When reviewing Tuna de Tierra's "EPisode I Pilot" back in August 2015 Desert Psychlist made the observation that the Italian trio from Napoli existed in a hinterland between the riff heavy fuzz of the likes of Fu Manchu and Kyuss and the more experimental stoner/psych of the likes of Sungrazer and Colour Haze, well the band, Alessio De Cicco (guitar, vocals), Luciano Mirra (bass guitar) return this year with a new drummer, Marco Mancaniello, and a new full length album, "Tuna de Tierra" (Argonauta Records), so let's see if those observations still ring true.
As the opening bars of instrumental first track "Slow Burn" ring out from the speakers its fairly obvious that Tuna de Tierra's modus operandi of delivering heavily fuzzed refrains over an array of ever shifting rhythmic groove is still in place, De Cicco's guitar soars like an eagle riding thermals over Mirra's throbbing bass lines and Mancaniello's solid, tight percussion, the resulting sound having an almost Floydian feel to it. Next track "Morning Demon" sees Tuna de Tierra hitting a Colour Haze-ish groove fractured by moments of gnarly fuzz drenched aggression with Mirra's bass the anchor around which De Cicco weaves a mixture of lysergic guitar textures and crunchimg riffage while at the same time delivering mellow, clean and slightly laid back vocals ably supported from beneath by Mancaniello's sympathetic drumming. "Out of Time" follows and finds De Cicco laying down gentle vocal tones over the top of a circular guitar motif backed by liquid clean bass lines and restrained jazzy percussion. "Long Sabbath's Day"could almost be described as a spiritual and incorporates gospel like handclaps backed by what sounds like a bass string being stroked and tapped with De Cicco crooning and moaning gently over head. "Rise of the Lights" changes the mood by jamming a groove that has an almost indie blues vibe and recalls to this listeners ears the early sound of British alternative/indie blues purveyors Gomez both musically and in its vocal melodies. "Mountain" again sees Tuna de Tierra wandering into Colour Haze territory only this time with a hint of eastern mysticism bubbling just beneath the surface. Mancaniello lays down a restrained but totally effective tribal beat around which Mirra weaves intricate and jazzy bass lines, De Cicco adding subtle textured guitar colouring while gently crooning dreamy, heartfelt vocals. Final song "Laguna" initially keeps things dreamy and lysergic with De Cicco's warm vocals sitting a little lower in the mix but then slowly grows in tempo moving briefly into a heavily psychedelic blues groove before morphing once again and erupting into a fuzz heavy stoner refrain and taking things to a deliciously noisy close.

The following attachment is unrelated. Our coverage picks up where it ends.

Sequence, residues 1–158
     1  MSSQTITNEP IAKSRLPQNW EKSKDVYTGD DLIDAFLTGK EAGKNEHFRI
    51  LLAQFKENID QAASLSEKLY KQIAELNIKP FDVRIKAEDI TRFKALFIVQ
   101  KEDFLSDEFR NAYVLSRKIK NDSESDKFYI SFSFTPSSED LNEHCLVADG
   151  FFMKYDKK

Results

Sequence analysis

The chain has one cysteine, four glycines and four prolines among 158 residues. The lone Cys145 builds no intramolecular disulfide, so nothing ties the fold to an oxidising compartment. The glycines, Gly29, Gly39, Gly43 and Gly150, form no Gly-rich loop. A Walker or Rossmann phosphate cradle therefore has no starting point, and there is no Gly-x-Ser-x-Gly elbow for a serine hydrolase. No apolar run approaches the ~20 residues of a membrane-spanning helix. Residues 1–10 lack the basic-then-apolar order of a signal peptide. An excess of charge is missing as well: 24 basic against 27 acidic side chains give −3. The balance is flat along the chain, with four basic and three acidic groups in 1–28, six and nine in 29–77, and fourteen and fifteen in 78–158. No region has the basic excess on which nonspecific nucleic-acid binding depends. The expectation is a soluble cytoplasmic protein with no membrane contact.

Heady, trippy and experimental yet at the same time solid, fuzzy and structured "Tuna de Tierra" is an album that delivers on many levels and is one that deserves to be heard by those that like their desert/stoner grooves hard and heavy as well as those who prefer their grooves a little on the loose and lysergic side.
Check it out ....
© 2017 Frazer Jones
Monday, 23 October 2017
Books have long been the inspiration for songs, albums and artwork, H.P. Lovecraft, Edgar Allan Poe, Dennis Wheatley and J.R. Tolkien have, over the years, all been cited as influences for numerous musical projects and themes. Now it seems we must add to that list the name of master of modern horror Stephen King as Desert Psychlist has, over the course of this year, had the pleasure of reviewing two artists inspired by his The Dark Towers saga. The first album was Heavy Temple's "Chassit" released in January, the second has just seen the light of day and comes from Greek stoner/ blues psychonauts The Road Miles and flies under the banner "Ballads for the Wasteland".